It just captured my imagination of the the southwest. [Rex Ranch] originally was a dude ranch, a destination for a lot of people from the East Coast looking to get away from the cold, harsh winter, enjoy the sun, do some horseback riding, throwing horseshoes. That's what the place was designed for and operated that way for many decades. It's just a magical place; the feeling that you get is that you've walked back in time, I think.

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So when did the idea for needing a cultural arts destination converge with the location of Rex Ranch? I'm sure you've been thinking about the idea for a while.

I have been thinking about it for a while. This is my second most serious attempt to try and make this idea happen.

What happened to the first attempt?

It's a good quick story. One of the members on our board of directors is a woman named Susannah Castro, she used to run the Tubac Center for the Arts which is the only arts and cultural center of any kind within 75 miles of the area. She worked there, and I found another ranch that was for sale, called the Rancho Santa Cruz. That was also an abandoned dude ranch—not nearly as beautiful and lovely as Rex Ranch was—but she and I faithfully looked into that for four months in 2008. Eventually, we had to abandon that plan because that ranch sits in a hundred-year flood plain, right on the Santa Cruz river. It had flooded multiple times that were somewhat catastrophic over the years, And we could not get insurance quotes for the property, so it would have been impossible to actually insure. After a lot of work and a lot of love we poured into that project, we had to walk away and admit that it wasn't the right property.

So when Rex Ranch became abandoned and the situation got very dire in the last couple of months, I called Susanna again and we were able to ramp up our ideas very quickly because we had worked together on that project. It helped us a lot because we had already looked into a lot of the things we're trying to apply to this project: Historical preservation status, tax-exemption for the property, historical experts in the area, partner organizations we might turn to, etcetera.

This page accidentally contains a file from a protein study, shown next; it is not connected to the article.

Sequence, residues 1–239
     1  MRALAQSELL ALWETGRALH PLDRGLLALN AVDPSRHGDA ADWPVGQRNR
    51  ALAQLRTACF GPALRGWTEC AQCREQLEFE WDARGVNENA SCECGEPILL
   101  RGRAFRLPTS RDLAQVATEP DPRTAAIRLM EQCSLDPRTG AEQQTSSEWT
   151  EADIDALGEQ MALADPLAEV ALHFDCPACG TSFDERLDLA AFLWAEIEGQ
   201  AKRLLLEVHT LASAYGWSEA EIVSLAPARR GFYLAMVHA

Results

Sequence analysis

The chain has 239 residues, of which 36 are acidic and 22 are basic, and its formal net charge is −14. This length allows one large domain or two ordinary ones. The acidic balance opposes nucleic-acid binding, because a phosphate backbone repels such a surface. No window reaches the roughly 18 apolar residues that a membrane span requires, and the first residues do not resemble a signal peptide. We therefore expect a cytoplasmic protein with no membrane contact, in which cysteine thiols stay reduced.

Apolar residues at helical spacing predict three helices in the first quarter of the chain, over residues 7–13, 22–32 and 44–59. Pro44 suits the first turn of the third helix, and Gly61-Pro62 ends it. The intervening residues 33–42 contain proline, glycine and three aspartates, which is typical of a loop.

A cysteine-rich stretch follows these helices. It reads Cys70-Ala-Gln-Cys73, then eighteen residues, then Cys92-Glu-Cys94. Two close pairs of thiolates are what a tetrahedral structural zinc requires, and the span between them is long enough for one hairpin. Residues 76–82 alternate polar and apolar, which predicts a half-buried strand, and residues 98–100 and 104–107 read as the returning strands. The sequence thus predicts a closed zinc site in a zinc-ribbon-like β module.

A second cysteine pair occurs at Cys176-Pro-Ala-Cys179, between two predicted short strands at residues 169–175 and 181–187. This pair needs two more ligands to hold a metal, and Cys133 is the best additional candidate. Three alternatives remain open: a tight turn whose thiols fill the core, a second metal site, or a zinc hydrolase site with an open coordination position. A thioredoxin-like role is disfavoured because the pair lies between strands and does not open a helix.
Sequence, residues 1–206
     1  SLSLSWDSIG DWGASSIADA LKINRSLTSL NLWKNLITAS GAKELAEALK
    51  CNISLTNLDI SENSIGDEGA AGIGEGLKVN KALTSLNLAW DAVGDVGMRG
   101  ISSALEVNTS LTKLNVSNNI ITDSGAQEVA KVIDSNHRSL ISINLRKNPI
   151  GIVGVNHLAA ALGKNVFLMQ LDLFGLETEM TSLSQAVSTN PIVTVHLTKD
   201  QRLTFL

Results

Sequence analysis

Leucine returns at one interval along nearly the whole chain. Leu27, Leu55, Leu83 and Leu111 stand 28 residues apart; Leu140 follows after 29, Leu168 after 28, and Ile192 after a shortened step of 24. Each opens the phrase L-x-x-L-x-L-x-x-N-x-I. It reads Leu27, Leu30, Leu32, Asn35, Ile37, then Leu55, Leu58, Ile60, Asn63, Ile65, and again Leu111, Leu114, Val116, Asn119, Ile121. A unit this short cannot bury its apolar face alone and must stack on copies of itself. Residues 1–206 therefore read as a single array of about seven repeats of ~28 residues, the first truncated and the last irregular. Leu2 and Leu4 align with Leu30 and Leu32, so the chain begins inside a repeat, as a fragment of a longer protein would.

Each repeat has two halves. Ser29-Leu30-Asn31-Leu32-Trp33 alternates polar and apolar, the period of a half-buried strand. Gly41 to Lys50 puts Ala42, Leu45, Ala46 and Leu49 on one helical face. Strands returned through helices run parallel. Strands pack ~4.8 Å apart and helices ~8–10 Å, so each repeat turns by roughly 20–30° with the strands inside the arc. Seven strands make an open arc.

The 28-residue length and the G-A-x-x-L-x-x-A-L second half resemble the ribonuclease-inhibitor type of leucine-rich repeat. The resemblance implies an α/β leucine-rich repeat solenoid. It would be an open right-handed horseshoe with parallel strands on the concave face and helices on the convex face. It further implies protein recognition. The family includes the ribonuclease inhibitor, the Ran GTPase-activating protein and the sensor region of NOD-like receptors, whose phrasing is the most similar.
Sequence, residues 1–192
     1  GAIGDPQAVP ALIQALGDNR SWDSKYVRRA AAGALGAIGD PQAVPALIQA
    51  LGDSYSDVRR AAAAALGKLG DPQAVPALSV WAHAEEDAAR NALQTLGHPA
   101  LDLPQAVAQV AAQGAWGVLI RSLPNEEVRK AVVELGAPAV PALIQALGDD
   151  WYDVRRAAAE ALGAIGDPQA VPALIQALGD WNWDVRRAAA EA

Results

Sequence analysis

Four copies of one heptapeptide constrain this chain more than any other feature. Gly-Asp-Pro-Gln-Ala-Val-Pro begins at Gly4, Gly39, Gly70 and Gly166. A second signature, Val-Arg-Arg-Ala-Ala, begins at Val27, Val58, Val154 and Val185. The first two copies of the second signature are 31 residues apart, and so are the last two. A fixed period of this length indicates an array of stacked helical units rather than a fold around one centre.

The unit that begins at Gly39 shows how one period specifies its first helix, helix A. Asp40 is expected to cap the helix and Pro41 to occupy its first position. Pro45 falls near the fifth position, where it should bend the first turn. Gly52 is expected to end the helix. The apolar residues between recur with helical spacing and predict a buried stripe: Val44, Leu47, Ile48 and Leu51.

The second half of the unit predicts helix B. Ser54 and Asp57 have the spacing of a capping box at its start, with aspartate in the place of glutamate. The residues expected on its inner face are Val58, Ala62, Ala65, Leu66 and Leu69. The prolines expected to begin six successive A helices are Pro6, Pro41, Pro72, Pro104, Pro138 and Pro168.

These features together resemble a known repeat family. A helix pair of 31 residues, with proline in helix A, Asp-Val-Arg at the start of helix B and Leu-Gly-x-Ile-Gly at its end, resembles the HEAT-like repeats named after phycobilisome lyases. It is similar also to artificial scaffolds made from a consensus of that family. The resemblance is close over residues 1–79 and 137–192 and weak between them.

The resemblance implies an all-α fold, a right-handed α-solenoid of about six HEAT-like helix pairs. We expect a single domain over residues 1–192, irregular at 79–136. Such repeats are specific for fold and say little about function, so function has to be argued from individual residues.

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Was Rex Ranch chosen specifically for its location within southwest Arizona? What do you think this future art center's relationship will be within the residing region?

The biggest thing that we're hoping is that Southern Arizona has no—there's nothing like this that exists down there. It's the poorest county in the entire state, it borders two Native American reservations and the Mexican border. And to be perfectly honest, over the last five to 10 years, it's become—in many people's minds—a bit of a war zone, just in terms of the policies. Border security has affected every part of people's lives there. There was a sense of, it wouldn't be bad if there was an occasional thing that happened that was delightful and human and had nothing to do with the border, and could give back to a community. Lots of people come to this area from all over the world, it's incredibly eclectic. People snowbird there, so to speak, where they have a second home and they come in for the beautiful weather and gorgeous place, but there's no movie theater.

There's very limited ways to gather in any kind of social way and to enjoy, for example, a gallery or a concert. We're not thinking "high art" here, we're just thinking community art. Things that would get people out to drive this long dirt road and cross the Santa Cruz River and drive up to Rex Ranch and spend a couple hours out there interacting with people and ideas that they may not otherwise have access to. There's definitely a very strong philanthropic sense that we're bringing something new, and what we're bringing may stimulate other activity in the community. We have a lot to do, but eventually I would love to have international artists using these residency programs.